If we’re going to keep worrying about WWIII every time Russia embarks on another military adventure, we might as well just surrender every country they would claim as Russia’s sphere of influence and allow Putin and his cronies to further corrupt our system with money-laundering and organized crime. Sure, we’ll end up living in a neo-feudal dystopia and the Earth will become unable to support our species a few decades after that, but hey, at least we’ll have only had two world wars.*

So please, if you’re concerned about provocative military gestures that could spark a third world war, please direct your complaints to the side initiating them first and foremost.

 

 

*Assuming you don’t count the dozens of multinational conflicts that will inevitably break out due to the lack of resources and the promotion of xenophobia and nationalism.

 

Anatoly Chepizdyets

Anatoly Chepiga, AKA Ruslan Boshirov, just can’t get a break it seems. Ever since Bellingcat identified the self-proclaimed small businessman/tourist as a probable decorated GRU agent, things have just spiraled from there. While Russian Presidential Press Secretary Dmitry Peskov and Russian Foreign Ministry officials sound completely dumbstruck, multiple international news outlets (BBC, WaPo, Kommersant,)    have found several individuals from Chepiga’s past, openly identifying him and in some cases confirming that he worked in some kind of covert ops. Recently, some info has surfaced suggesting he might have had a hand in helping Ukrainian ex-president Viktor Yushchenko escape to Russia. While there’s no corroboration for the latest story yet, what evidence exists does suggest that Chepiga was at least involved in some kind of covert activity in Ukraine in 2014.

Honestly I’m kind of surprised by how badly the Kremlin screwed up in this case. From the beginning of the Salisbury scandal, they seemed to outdo their past attempts at damage control by kicking it into high gear and putting out a rapid-fire stream of alternative explanations. Estimates range from around 37-38 different alternative narratives, all pointing in every direction except Russia, within the first few weeks of the initial poisoning of Sergei Skripal and his daughter Yulia. This, incidentally, was some of the best evidence pointing to Russian involvement prior to the revelation of “Ruslan Boshirov” and his accomplice “Alexander Petrov” (Petrov hasn’t been identified yet, though his documents show some key similarities to Chepiga’s). Had the Kremlin and its media just shut the fuck up and kept demanding some hard evidence, they might have got the benefit of the doubt from more people outside the online conspiracy theorist/St. Petersburg troll demographics.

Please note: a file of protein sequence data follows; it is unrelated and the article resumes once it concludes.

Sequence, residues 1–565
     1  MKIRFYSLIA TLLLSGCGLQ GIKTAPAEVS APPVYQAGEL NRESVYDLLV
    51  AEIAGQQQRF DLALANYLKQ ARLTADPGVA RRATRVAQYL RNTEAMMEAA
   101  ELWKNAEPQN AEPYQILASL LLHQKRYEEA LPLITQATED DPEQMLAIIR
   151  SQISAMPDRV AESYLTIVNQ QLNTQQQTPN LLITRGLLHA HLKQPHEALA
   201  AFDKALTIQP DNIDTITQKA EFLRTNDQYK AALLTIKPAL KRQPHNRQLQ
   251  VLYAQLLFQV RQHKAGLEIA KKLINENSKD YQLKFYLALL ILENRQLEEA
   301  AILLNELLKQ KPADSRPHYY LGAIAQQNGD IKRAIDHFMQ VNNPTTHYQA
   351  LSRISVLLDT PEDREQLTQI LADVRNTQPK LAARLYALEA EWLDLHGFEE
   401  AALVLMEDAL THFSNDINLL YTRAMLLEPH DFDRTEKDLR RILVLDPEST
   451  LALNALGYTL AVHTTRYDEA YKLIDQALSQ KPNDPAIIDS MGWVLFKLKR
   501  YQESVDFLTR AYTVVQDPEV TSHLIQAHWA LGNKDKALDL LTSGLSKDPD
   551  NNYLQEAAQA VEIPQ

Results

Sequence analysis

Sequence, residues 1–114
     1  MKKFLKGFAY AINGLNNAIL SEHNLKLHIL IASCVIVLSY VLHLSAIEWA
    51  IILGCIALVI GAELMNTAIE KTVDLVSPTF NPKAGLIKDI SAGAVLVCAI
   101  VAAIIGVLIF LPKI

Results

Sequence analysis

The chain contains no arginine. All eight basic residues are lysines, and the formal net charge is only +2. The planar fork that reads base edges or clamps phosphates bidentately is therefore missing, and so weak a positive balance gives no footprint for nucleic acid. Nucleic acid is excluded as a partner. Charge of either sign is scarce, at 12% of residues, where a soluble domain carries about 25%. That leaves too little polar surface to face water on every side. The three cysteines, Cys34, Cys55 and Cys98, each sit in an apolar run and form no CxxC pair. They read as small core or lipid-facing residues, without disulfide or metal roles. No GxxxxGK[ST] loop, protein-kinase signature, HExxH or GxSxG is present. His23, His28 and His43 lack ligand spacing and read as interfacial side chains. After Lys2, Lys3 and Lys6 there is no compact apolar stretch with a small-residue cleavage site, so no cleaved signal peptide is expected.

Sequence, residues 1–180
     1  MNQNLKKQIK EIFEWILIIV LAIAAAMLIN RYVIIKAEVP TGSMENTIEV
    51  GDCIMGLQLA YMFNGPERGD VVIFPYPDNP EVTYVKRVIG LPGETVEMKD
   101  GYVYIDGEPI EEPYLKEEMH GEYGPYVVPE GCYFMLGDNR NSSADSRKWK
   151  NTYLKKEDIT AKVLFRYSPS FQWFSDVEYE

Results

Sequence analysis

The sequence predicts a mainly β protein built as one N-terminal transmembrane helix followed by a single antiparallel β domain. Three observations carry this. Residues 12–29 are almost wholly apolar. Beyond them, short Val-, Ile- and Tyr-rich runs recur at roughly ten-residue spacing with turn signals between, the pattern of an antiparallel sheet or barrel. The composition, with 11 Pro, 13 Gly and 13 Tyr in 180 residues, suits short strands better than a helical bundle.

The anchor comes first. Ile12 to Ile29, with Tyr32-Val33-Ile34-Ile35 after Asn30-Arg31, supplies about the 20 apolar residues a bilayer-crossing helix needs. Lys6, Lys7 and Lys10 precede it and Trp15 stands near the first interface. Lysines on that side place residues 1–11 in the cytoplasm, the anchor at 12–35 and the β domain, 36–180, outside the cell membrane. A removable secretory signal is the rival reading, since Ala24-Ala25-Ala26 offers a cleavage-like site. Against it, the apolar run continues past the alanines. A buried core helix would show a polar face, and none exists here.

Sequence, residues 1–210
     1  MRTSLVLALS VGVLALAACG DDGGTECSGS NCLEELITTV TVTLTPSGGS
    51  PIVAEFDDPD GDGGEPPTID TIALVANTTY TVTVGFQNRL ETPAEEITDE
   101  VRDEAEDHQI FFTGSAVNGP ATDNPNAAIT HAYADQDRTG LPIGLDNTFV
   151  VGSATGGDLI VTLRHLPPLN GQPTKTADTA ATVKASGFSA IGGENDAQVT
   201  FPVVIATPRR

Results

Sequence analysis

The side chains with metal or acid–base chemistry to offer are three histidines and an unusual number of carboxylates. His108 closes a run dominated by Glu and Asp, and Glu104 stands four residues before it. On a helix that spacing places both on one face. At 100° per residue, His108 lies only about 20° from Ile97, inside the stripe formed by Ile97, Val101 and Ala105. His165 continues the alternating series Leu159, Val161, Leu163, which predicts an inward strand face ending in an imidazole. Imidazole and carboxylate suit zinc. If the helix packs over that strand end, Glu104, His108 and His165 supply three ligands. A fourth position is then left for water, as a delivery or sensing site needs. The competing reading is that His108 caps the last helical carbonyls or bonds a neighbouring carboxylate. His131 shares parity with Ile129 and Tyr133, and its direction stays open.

But if they didn’t screw things up by flooding the information space with too many alternative narratives too quickly, the reveal of Boshirov and Petrov in their disastrous RT interview was just icing on the stupid cake.

Had the Kremlin’s information warriors not been complete morons who owe their positions to loyalty and not talent, they might have come up with a far better cover story for these two. For example, they might have claimed that they were being interviewed by the FSB or Investigative Committee, and some of the answers they gave in the actual interview could have been included in a partial report published by Russian authorities. But instead we were told that these guys just rang up RT editor-in-chief Margarita Simonyan on her personal cell phone and then in their interview they told the world of their dream to see the 123-meter spire of Salisbury cathedral.

Even Russia’s own propagandists couldn’t avoid showing their own disdain for this idiotic narrative. Several of them, including Margarita herself, subtly implied that Boshirov and Petrov were a gay couple trying to hide a very unusually-booked European getaway (apparently the way it works with assassinations is if you succeed, you become a Duma deputy, and if you fail, you may be protected from extradition but you will be labeled a homosexual). Even Graham Fucking Phillips couldn’t accept the story as told in the RT interview.

Needless to say, the extra visibility provided by the interview no doubt helped Bellingcat and The Insider track down details on the two alleged assassins, and by extension helped them discover the identity of Mr. Chepiga. What I have found most amusing about all this is that Russian officials, and more hilariously foreign Kremlin supporters, have been contorting themselves in ever-more extravagant mental gymnastics in an attempt to explain away all the inconsistencies in their narrative. And yet now it has never been easier for the Kremlin to totally discredit Bellingcat for good.